On a complete whim I felt the urge to look into the Lisp programming language. Installation isn't as straightforward as I expected so I have written a small guide outlining the steps I took to get set up.
Unlike most programming languages, there are no universal implementations of Lisp. Lisp is better known as a family of programming languages. This means there are many different "flavours" of Lisp (called dialects) that each bring their own programming styles to the table.
Two popular versions of Lisp are Common Lisp and Scheme. At a first glance the differences between the two are barely noticeable. The differences lie in what features the dialect has and what tools are available to customise the language. The ability to be customised is what makes Lisp stand out.
The free, online version of the Practical Common Lisp book provides a very good introduction to Lips and the components required to get Lisp up and running.
My development environment
Here is what I used when setting up my development environment:
- macOS El Capitan / Linux Mint Cinnamon 19.1;
- Homebrew (when using macOS);
- Emacs 26.3 (version 24 or greater required);
- the Steel Bank Common Lisp (SBCL) compiler; and
- SLIME (Superior Lisp Interaction Mode for Emacs)
As a rule of thumb, all Lisp development, regardless of the environment, will require:
- an editor;
- a Lisp compiler; and
- a SLIME environment.
Emacs is generally the preferred editor for writing Lisp due to the SLIME plugin, which turns Emacs into a fully-fledged Lisp development environment.
Setting up Lisp
Most Mac computers come with Emacs 22 installed but to use the package manager for Emacs, version 24 or higher is required. For macOS, an updated instance of Emacs can be installed with Homebrew using the brew install emacs command.
As a general rule, to make sure the Homebrew version of applications such as
Emacs are loaded instead of the system default, ensure that
/usr/bin in the
There are several ways to install Emacs:
- by installing a Personal Package Archive (PPA);
- by installing via a software manager (e.g. Snapcraft); or
- by compiling from source.
I opted to install via Snapcraft (using the GNU Emacs snap published by Alex Murray) as my instance of Linux Mint came with Snapcraft ready to go.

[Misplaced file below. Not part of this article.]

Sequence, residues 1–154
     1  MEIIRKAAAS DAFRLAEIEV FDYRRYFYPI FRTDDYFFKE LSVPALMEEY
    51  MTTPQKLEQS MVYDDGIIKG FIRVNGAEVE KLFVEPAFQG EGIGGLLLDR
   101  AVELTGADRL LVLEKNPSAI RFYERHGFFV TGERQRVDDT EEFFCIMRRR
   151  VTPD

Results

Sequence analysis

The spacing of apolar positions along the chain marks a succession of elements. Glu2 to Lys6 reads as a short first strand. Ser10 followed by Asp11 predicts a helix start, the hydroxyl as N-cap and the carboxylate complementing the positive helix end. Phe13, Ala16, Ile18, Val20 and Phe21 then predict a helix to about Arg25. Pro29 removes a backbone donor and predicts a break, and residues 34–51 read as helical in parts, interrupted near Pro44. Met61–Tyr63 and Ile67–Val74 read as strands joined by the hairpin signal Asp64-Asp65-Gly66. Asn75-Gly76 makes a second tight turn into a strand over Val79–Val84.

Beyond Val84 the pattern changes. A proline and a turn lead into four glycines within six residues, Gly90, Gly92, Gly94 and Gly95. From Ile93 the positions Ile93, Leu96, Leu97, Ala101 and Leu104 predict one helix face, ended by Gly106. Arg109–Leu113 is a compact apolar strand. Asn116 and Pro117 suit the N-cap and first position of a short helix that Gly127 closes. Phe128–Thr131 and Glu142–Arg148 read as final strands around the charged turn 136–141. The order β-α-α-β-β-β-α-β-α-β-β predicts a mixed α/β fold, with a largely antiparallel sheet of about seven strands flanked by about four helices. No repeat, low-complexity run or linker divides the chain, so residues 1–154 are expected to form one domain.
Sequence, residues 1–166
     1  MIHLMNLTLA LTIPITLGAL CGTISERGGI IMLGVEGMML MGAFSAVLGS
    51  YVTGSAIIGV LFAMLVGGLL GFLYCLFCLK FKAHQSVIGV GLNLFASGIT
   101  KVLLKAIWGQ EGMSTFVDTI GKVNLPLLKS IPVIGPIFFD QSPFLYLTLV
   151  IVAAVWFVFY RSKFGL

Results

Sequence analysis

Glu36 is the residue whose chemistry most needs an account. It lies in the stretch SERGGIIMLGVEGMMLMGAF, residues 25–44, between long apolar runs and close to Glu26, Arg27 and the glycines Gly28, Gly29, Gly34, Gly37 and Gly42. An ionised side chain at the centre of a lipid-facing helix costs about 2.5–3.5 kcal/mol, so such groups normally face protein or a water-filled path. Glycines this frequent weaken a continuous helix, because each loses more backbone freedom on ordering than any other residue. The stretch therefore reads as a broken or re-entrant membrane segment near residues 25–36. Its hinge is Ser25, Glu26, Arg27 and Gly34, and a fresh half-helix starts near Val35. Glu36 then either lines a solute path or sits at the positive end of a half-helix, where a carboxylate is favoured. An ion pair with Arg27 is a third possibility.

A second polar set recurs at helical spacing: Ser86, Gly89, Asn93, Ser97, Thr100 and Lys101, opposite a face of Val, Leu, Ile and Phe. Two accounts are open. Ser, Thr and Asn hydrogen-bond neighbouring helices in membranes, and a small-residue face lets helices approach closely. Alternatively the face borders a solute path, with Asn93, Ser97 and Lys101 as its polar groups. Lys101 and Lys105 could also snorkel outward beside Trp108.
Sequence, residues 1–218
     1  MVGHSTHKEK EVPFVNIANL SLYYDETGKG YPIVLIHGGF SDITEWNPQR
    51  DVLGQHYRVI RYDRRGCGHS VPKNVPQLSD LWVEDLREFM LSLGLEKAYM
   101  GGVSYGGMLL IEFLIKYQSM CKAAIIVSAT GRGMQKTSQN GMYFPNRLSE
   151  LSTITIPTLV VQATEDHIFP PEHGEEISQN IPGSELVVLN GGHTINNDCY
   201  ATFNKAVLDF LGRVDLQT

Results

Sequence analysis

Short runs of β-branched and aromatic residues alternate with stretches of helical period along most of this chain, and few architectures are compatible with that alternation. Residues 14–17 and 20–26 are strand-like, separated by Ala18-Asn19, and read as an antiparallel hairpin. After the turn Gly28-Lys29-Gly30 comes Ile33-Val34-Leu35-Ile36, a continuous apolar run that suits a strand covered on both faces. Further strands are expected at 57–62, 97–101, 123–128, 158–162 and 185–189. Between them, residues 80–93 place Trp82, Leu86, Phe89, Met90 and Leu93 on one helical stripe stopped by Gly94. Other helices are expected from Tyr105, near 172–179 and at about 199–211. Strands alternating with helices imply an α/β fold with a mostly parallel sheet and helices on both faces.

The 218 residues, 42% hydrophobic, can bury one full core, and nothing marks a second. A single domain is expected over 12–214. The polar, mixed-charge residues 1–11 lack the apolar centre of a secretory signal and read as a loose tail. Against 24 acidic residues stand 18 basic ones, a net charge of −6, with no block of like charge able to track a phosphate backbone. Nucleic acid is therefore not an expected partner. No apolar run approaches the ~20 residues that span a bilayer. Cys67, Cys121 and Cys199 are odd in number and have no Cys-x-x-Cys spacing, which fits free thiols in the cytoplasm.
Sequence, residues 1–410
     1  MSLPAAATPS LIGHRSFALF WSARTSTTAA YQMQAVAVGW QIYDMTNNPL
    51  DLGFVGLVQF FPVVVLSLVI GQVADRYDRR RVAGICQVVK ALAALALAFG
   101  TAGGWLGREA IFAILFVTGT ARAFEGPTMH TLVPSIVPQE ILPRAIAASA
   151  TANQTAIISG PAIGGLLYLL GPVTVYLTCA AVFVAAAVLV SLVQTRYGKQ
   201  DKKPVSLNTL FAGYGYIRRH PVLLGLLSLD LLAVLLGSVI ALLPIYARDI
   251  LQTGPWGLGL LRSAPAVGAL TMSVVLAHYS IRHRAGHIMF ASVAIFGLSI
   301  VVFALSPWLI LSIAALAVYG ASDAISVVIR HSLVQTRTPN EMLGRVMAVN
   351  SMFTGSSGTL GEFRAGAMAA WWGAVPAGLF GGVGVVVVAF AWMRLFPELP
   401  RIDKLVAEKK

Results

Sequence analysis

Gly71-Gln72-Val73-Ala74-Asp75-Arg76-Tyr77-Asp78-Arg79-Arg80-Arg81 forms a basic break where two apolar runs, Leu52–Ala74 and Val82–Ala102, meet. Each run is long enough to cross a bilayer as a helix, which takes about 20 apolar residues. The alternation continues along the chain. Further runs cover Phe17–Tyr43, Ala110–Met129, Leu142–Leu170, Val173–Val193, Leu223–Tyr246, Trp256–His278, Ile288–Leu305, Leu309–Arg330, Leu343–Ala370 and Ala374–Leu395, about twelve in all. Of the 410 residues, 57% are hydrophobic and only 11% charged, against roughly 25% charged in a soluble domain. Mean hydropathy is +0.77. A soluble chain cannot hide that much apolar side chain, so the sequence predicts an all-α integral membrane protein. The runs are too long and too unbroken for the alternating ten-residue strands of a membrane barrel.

Install the SBCL compiler
Common Lisp is one of the more straight forward compilers to use when starting out. The SBCL compiler can be used to compile all Lisp code as Common Lisp.
This can also be installed with Homebrew by running brew install sbcl.
SBCL will need to be installed from the source on Linux. To do this:
- download the appropriate binary for the required platform from the SBCL "Downloads" page (I used the Linux AMD64 1.5.6 binary at the time of writing); and
- follow the "Installing a binary" instructions on the SBCL page.
For reference, the installation instructions on the site at the time of writing are:
$ bzip2 -cd sbcl-1.5.6-x86-linux-binary.tar.bz2 | tar xvf - $ cd sbcl-1.5.6-x86-linux $ sh install.sh
Set up MELPA
The package manager in Emacs is called MELPA. Installing MELPA makes installing the remaining required components much simpler.
init.el file under
~/.emacs.d/ and follow the instructions on the
MELPA website to install MELPA.
With MELPA set up the SLIME package can be installed. Load Emacs and run the command runner by typing M-x.1
Depending on the operating system, the combination M-x may not be possible. A key such as Alt or Option will need to be reassigned to act as a Meta key instead. This will depend on the functionality of the command line interface or operating system.
After typing M-x a prompt will display at the bottom. Type package-install and press Enter, followed by slime, followed by Enter again.1
This will look like:
M-x package-install <Enter> slime <Enter>
SLIME will now begin installing. Emacs will have to restarted before SLIME can run; do this by closing Emacs with C-x + C-c and opening it again.
With SLIME installed and Emacs restarted, SLIME can be run by running M-x slime.
A new window will open; congratulations, Lisp is installed and ready to compile.
In Emacs, (and other languages) M refers to the Meta key, which is typically the Alt or Option key. ↩
Enter is sometimes written as
RET, such as in the install guide for SLIME. ↩